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Remote Sensing as a Method of Promoting Group Identity: Rediscovering Edinburg’s African-American Cemetery

Author(s): Rolando Silva

Year: 2015

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Summary

Remote Sensing as a Method of Promoting Group Identity: Rediscovering Edinburg’s African-American Cemetery

Roland Silva, Anthro Graduate-University of Texas Rio Grande Valley

Edinburg, Texas was founded in 1909 some fifteen miles north of the Rio Grande in the then newly irrigated "Magic Valley." A decade later Hillcrest Memorial Park Cemetery was established, with a remote corner of the burial ground allocated for African-Americans. Many of the earliest people interred hailed from rural households, and so due to a lower socio-economic status, some graves had no markers. Concerned citizens and the descendants of the deceased have since taken to assisting grounds keeping at the cemetery, placing historic markers and new burials. Unfortunately, there are still men and women identified only by memorial homage. To offer service towards this issue, in the Spring of 2013 a remote sensing survey using ground-penetrating radar (GPR) was conducted to attempt categorization of the burials and their condition in the environment, as part of a larger methodological study considering the utility of a remote sensing equipment for archaeogeological research in the Rio Grande Valley. This fieldwork benefits from the support of the community and will shed light on a largely forgotten founding minority population.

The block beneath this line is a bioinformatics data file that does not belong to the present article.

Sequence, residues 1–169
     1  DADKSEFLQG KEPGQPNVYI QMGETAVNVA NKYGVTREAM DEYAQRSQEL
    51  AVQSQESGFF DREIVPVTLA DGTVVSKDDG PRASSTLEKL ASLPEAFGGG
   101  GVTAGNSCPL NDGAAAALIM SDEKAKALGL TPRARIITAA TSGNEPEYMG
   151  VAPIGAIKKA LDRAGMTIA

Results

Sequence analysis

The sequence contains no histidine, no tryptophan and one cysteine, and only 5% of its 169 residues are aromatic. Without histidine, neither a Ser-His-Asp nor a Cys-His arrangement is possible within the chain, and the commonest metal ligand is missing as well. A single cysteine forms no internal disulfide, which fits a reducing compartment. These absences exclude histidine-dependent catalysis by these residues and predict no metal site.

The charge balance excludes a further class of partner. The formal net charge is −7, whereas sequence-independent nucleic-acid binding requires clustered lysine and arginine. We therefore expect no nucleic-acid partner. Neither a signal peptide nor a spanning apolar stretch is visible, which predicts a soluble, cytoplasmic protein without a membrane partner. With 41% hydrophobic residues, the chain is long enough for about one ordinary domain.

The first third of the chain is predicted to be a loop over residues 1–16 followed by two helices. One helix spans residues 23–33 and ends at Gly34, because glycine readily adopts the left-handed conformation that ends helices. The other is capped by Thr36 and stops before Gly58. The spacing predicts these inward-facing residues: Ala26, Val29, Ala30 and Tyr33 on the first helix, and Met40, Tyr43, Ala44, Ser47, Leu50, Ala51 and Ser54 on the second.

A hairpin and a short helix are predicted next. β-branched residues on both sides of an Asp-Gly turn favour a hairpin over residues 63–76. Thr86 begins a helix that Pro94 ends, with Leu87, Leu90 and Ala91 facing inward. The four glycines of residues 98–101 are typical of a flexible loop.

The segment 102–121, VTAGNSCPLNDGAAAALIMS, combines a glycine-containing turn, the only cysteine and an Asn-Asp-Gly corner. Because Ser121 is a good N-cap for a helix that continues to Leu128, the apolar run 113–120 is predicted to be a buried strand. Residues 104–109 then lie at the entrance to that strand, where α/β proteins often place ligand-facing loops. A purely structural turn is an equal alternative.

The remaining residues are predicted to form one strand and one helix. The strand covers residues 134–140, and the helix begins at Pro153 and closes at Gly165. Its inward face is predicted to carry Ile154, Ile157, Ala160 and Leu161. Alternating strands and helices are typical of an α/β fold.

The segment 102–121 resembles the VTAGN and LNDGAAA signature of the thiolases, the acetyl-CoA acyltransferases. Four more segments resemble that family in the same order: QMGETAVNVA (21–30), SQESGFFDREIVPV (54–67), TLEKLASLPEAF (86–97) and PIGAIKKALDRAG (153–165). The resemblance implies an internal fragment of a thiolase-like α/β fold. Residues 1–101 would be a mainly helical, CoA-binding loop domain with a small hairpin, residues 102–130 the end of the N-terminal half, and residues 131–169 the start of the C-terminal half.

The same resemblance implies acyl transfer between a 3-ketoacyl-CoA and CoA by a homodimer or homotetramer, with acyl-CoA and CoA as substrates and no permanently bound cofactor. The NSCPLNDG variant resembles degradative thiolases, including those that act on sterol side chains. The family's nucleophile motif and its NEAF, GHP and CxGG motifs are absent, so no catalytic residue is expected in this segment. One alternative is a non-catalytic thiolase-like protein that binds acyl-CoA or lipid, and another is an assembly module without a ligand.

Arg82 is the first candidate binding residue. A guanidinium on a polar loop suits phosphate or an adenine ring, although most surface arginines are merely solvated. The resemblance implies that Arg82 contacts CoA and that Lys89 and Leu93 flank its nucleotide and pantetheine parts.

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Remote Sensing as a Method of Promoting Group Identity: Rediscovering Edinburg’s African-American Cemetery. Rolando Silva. Presented at The 80th Annual Meeting of the Society for American Archaeology, San Francisco, California. 2015 ( tDAR id: 398396)


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Spatial Coverage

min long: -115.532; min lat: 30.676 ; max long: -102.349; max lat: 42.033 ;

Arizona State University The Andrew W. Mellon Foundation National Science Foundation National Endowment for the Humanities Society for American Archaeology Archaeological Institute of America